0
System	
  performance	
  as	
  user	
  
experience	
  catastrophe	
  

best	
  and	
  worst	
  prac.ces	
  for	
  interac....
System	
  performance	
  as	
  user	
  
experience	
  catastrophe	
  

best	
  and	
  worst	
  prac.ces	
  for	
  interac....
What	
  am	
  I	
  talking	
  about?	
  

Let’s	
  take	
  a	
  look	
  at	
  some	
  examples	
  

h<p://www.youtube.com/...
What	
  am	
  I	
  talking	
  about?	
  
	
  

h<p://xkcd.com/612/	
  
What	
  am	
  I	
  talking	
  about?	
  
	
  

h<p://www.youtube.com/watch?v=sxtYxIObjWg	
  
What	
  am	
  I	
  talking	
  about?	
  
	
  

h<p://www.youtube.com/watch?v=nfnM_8JBmmA	
  
What	
  am	
  I	
  talking	
  about?	
  
	
  

h<p://www.youtube.com/watch?v=apN0_NQrC0s	
  
What	
  do	
  all	
  these	
  examples	
  have	
  in	
  common?	
  
	
  
What	
  do	
  all	
  these	
  examples	
  have	
  in	
  common?	
  
	
  
TIME	
  

(aka	
  a	
  temporal	
  sequence	
  of	
  events)	
  
	
  

What’s	
  so	
  special	
  about	
  it?	
  

	
  

...
TIME	
  

(aka	
  a	
  temporal	
  sequence	
  of	
  events)	
  
	
  

What’s	
  so	
  special	
  about	
  it?	
  

	
  

...
TIME	
  

(aka	
  a	
  temporal	
  sequence	
  of	
  events)	
  
	
  

What’s	
  so	
  special	
  about	
  it?	
  

	
  

...
So	
  what	
  can	
  we	
  do	
  about	
  it?	
  
1.  Acknowledge	
  that	
  UI	
  performance	
  characteris.cs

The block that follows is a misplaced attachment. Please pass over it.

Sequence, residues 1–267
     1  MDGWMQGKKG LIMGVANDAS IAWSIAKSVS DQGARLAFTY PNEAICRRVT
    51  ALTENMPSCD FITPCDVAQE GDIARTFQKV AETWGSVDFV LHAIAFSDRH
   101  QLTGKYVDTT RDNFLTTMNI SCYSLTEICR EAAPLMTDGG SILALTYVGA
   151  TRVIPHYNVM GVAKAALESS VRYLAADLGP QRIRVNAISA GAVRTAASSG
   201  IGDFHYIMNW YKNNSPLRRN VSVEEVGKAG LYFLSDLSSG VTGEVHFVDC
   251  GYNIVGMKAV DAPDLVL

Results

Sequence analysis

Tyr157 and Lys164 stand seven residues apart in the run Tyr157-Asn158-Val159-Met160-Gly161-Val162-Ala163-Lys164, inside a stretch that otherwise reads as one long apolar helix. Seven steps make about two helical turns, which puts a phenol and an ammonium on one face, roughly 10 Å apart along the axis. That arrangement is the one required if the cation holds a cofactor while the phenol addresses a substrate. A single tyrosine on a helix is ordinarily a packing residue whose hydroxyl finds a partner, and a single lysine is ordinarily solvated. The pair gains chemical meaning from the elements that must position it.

are	
 ...
Thanks	
  for	
  listening!	
  

and	
  now	
  it’s	
  .me	
  for	
  some	
  Q&A	
  /	
  discussions!	
  

Michael	
  Klei...
Links	
  
Jakob	
  Nielsen,	
  Response	
  Times:	
  The	
  3	
  Important	
  Limits	
  
h<p://www.nngroup.com/ar.cles/res...
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System performance en-2

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Transcript of "System performance en-2"

  1. 1. System  performance  as  user   experience  catastrophe   best  and  worst  prac.ces  for  interac.on  designers  and   programmers   Michael  Klein   Interac.on  designer,  developer  and  UI  connoisseur     h<p://gplus.to/michaelklein27,  h<p://www.linkedin.com/in/michaelklein3,  @mischkl  
  2. 2. System  performance  as  user   experience  catastrophe   best  and  worst  prac.ces  for  interac.on  designers  and   programmers   What  am  I  talking  about?  
  3. 3. What  am  I  talking  about?   Let’s  take  a  look  at  some  examples   h<p://www.youtube.com/watch?v=HyA6UXi0v6g  
  4. 4. What  am  I  talking  about?     h<p://xkcd.com/612/